Race Matters: Summer blockbusters are sometimes interesting windows into the racial atmosphere of America, as they attempt to appeal to not only a mass audience but that coveted young white male demographic. Sadly, Transformers offered nothing new or even remotely promising on that front. What we learned was that Latinos are to be mocked (repeatedly) for speaking Spanish—as if this was some new alien language and culture of which the average American were not aware. The scourge of cellular phone outsourcing—English challenged East Indian customer service reps—are just as annoying for brave American soldiers trying to save the world as they are for you in trying to clear up a problem with billings. And African-Americans…well…where do I begin? First, make sure the only black people of prominence in the film are two comedians—one known for playing a hard-edged cursing machine (Bernie Mac) and the other for slapstick physical humor (Anthony Anderson)—and an R&B/actor (Tyrese Gibson). That way we can learn that older black males generally call older black women their mother’s age “bitch”—and no wonder, as such older black women regularly flip people off. We also learn that even intelligent black male hackers are scared of the “poh-lice” and can’t help but be a buffoonish side-kick who manages to make even minor co-star Tom Lenk (formerly Andrew of Buffy the Vampire Slayer fame) look more dignified. Add an Autobot, Jazz, who upon listening to the radio to learn human speech, greets us in a booming African-American voice (Darius McCrary) with the universal language of blackness “what’s crack-a-lackin’ bitches?”—a far cry from the bluesman eloquence of Benjamin Sherman "Scatman" Crothers, who originally did the character’s voice and gave meaning to his name. And oh yes, be sure to pepper a lot of the humorous moments with references of perceived black popular culture uttered from white lips (symbolic minstrelsy, which is what makes them funny in the first place)—from “bros before ho’s” to 50 Cent references. When that's not enough, re-stage a scene out of COPS with a rotund screaming black male running from the law. The only redeeming character of color in this film is Tyrese, whose role as the “black army guy” is to shoot things and exude "cool." Not even Keith David was trotted out to play the usual tough-as-nails U.S. Defense Dept top brass. Black women, or any women of color, don't exist beyond minor cameos.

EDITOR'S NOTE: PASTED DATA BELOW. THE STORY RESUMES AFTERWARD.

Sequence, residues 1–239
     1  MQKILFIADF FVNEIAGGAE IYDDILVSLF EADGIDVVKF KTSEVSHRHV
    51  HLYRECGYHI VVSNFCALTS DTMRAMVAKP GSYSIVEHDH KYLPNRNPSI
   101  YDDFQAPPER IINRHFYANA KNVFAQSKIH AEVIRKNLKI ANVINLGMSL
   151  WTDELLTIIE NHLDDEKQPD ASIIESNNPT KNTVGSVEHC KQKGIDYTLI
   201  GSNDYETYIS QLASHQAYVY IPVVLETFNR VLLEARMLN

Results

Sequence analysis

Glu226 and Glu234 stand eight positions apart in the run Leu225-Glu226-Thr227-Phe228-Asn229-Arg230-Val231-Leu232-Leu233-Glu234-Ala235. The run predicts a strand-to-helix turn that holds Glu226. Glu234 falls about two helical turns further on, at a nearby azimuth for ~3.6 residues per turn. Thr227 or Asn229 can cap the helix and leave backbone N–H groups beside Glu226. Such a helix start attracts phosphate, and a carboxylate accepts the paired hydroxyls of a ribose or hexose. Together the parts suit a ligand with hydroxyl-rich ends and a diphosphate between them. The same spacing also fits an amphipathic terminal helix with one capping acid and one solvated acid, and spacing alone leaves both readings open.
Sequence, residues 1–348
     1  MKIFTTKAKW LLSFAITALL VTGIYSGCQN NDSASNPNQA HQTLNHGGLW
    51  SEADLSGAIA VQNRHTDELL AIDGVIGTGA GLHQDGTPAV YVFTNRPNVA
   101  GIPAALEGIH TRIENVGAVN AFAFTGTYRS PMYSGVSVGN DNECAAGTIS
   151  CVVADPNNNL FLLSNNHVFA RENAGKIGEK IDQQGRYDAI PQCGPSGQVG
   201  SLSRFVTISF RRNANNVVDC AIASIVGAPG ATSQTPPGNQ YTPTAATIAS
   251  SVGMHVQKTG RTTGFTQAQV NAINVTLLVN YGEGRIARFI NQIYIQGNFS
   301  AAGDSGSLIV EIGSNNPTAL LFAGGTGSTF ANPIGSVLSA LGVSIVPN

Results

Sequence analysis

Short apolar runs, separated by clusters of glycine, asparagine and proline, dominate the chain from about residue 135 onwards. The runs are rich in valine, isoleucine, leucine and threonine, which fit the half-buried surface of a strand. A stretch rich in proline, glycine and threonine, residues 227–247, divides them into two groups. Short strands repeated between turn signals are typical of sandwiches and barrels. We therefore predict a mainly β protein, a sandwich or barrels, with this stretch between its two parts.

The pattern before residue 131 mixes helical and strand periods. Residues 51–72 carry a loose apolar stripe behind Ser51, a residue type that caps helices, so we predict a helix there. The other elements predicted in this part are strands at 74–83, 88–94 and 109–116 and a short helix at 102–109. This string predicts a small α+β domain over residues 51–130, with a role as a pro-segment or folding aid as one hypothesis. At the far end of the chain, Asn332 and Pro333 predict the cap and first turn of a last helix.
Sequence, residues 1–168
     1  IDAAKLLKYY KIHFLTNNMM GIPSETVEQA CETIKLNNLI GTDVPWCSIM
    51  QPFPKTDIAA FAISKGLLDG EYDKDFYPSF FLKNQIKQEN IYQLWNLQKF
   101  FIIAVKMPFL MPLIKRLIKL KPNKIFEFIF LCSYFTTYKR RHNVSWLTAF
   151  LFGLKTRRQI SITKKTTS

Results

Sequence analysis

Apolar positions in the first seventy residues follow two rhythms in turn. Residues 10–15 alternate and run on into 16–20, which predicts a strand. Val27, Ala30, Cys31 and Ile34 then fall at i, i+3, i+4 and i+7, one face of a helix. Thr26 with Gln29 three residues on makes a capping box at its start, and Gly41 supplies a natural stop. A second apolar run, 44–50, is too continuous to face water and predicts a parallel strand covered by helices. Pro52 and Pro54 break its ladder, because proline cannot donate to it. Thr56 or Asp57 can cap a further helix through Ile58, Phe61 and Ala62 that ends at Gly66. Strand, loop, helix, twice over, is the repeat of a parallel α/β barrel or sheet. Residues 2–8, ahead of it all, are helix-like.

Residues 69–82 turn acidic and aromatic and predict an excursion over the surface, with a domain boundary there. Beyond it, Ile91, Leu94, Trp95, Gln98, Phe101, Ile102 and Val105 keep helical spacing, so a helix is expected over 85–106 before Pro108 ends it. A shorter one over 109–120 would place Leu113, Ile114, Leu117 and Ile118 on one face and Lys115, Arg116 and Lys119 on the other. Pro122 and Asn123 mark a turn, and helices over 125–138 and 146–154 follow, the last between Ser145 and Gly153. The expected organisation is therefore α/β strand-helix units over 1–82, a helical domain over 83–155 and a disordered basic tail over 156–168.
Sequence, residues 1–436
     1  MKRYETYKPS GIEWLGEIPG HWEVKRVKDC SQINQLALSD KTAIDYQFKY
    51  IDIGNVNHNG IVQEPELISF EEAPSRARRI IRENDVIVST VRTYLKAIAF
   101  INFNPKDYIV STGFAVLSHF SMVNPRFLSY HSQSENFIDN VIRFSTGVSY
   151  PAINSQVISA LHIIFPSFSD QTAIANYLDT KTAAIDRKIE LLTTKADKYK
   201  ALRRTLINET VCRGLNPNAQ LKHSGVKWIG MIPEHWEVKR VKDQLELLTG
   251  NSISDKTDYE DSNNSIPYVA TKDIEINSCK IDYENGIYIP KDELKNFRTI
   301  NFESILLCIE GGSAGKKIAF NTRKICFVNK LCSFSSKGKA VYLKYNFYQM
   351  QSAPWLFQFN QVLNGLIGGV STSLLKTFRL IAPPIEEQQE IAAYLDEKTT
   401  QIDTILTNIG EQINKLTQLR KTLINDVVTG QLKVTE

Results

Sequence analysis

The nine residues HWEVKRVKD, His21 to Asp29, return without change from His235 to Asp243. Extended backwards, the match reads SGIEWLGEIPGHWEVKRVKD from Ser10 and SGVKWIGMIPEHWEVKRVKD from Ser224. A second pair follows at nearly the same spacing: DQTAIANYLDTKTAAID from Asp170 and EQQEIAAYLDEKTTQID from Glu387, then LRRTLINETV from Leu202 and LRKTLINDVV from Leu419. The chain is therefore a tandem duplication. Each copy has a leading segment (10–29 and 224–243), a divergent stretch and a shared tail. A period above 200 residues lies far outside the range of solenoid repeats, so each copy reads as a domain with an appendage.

In the end my criticisms of the movie are more so social and political than they have to do with the storyline or cinematic effort. Yet a film is the sum of all those things—the plot, the acting, the visuals, the script and the social atmosphere (intended or not) it reflects. And while Transformers was a good movie, as far as blockbusters go, it didn't restore my childhood. When I first heard of them as a kid—sentient machine changing robots from a planet called Cybertron, split into opposing factions of Autobots and Decepticons, who now used Earth as a battlefield—I was an instant fan-atic. I watched the American version of the cartoon religiously and could recite stats on the characters: the megalomaniac Megatron; the arrogant and ever-ready to plot a coup, Starscream; the noble leader Optimus Prime; the younger more relatable Bumblebee. And nobody could tell me that my man Soundwave—with his attendant mini-bots like Laserbeak and Ravage—wasn’t the baaaadest cat in the galaxy! Constructicons. Dinobots. Insecticons. I was down with it all.

This Transformers movie however, even with all its wonderful new gadgets and special effects, didn't have that magic. And mind you it wasn't the mere change in storyline; there are whole Transformer Universes after all which all co-exist alongside each other. This movie is but the latest incarnation. Maybe it was the militarization of the storyline, the corporatization and the neo-Sambo roles handed out to black actors that dulled the glimmer of the movie for me. Maybe it was the tarnish that always happens once Hollywood puts its over-the-top touches on an original idea. Or perhaps it's just the inability of any film adaptation to compete with nostalgia. Don't get me wrong now, I'm happy a film was made. And I'm sure many will enjoy it for what it is. But for me that first generation of Transformers retains the title as the definite article—untouchable by our modern CGI, unaffected by the hyped special effects of never-ending explosions, minus a corporate agenda, unwilling to use racial and ethnic stereotypes for the sake of popular American "humor"—and in its own unique two-dimensional way, remains forever immortal.